Published author and writer with Education Career Services

As I caught up with a dear childhood friend this past holiday weekend; we discussed many career-related topics.  Our conversation spanned possible future career choices to going back to school and so on.  It was the topic of networking which inspired this particular blog entry. 

She understands networking very well and in fact utilized it to advance in her career.  My work with her will involve defining her next career goal and assembling a resume which positions her in the best possible light.  But I got to thinking about how so many people overlook the resources they have at their immediate disposal.  I want to get readers thinking outside-of-the box when it comes to networking. 

After all, you just never know who might introduce you to your next big opportunity.
Let’s look at five possible networks:

Business Associates: When you think of professional networking, this is probably the first category which comes to mind.  It’s a good place to start.  Former and current associates can be a great source for career opportunities, but this is just a beginning.

Professional/Social Associations: This is a very large group of potential networking contacts.  Many of them might not know the details of your career, but they are likely open to looking over your information and passing it along to someone they might know.  But don’t limit this category’s possibilities.  Professional and social associations could include the following:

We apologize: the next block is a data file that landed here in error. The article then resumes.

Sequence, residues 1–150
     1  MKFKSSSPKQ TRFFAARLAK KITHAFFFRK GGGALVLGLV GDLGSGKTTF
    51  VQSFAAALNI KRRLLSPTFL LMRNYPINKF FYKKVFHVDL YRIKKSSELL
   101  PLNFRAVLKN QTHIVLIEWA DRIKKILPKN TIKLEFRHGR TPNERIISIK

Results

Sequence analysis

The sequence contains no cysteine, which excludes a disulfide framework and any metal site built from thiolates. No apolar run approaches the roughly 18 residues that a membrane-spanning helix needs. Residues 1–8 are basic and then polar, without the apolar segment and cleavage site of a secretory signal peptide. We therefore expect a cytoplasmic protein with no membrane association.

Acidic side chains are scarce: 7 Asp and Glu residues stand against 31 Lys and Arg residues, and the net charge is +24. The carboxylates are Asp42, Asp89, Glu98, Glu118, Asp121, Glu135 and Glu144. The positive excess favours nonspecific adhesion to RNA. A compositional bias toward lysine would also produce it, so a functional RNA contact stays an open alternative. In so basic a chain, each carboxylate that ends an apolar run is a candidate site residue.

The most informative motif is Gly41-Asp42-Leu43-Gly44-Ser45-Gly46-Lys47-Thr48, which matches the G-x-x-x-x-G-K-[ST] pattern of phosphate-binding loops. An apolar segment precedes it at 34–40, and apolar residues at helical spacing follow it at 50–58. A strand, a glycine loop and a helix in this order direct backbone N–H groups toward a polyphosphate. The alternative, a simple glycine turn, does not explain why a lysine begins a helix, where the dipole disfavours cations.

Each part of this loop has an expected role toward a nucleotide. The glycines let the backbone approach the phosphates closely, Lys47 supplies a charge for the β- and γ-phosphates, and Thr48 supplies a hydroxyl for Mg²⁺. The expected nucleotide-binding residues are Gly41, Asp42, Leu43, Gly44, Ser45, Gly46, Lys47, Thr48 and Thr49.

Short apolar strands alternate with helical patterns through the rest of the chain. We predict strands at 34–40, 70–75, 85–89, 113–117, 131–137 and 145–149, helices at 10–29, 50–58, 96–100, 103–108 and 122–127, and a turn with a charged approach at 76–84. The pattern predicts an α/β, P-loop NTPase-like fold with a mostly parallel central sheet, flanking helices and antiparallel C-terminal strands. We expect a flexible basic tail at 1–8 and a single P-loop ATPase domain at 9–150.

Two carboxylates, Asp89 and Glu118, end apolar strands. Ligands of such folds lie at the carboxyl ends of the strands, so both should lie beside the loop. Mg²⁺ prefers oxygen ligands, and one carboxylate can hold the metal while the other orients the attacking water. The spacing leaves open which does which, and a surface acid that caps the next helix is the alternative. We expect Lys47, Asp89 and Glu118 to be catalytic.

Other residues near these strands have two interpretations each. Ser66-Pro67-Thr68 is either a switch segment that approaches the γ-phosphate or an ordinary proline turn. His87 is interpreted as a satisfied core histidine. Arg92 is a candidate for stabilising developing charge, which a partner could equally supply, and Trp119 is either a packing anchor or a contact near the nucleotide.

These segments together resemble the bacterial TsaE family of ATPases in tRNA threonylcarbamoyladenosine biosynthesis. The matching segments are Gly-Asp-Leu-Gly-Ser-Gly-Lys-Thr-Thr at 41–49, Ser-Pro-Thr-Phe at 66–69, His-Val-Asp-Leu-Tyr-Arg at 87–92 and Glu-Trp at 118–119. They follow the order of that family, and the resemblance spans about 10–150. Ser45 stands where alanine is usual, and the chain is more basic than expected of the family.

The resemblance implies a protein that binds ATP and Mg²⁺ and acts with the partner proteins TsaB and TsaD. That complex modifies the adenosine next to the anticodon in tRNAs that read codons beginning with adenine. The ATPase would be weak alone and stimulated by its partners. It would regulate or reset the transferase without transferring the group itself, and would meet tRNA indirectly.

Industry Associations
                Interest Groups
                Alumni Associations
                PTA Groups
                Church Organizations
                Neighborhood Watch Committees
                Hobby Groups

Friends and Family: Some people have no problem asking friends and family for favors.  But if you are like me, this is the last group you want to hit up in a job search.  Yet this group might be the best suited for providing you valuable direction in your career search.  Since your friends and family may know what you do but not be well-versed in your accomplishments, don’t feel shy handing them a resume highlighting your career details.  In fact, you should provide a resume to all networking contacts.  Don’t assume that knowing you equates to knowing what makes you valuable as an employee.

Online Networks:  If you are not a member of a professional online network such as LinkedIn, consider putting a profile up today.  However, don’t underestimate the value of online social networks as well.  Reconnecting with old high school friends means connecting with people who developed careers in the years since you last saw or spoke with them.  As you reminisce about football games and evil teachers, if you discover they are in a career field which interests you – don’t be afraid to let them know you are looking for a new opportunity.

Old Professors:  If you think college instructors were just there to give you a grade, you were wrong.  They are vital sources for career advancement.  Think of the number of people who pass through their classrooms an onto industry success.  Students – cultivate relationships with current and past instructors!  Everyone else, contact old professors and see if they remember you.  Strike up a conversation about your career and your goals.  They likely will be able to put you in contact with someone who can help you, but expect to repay the favor someday.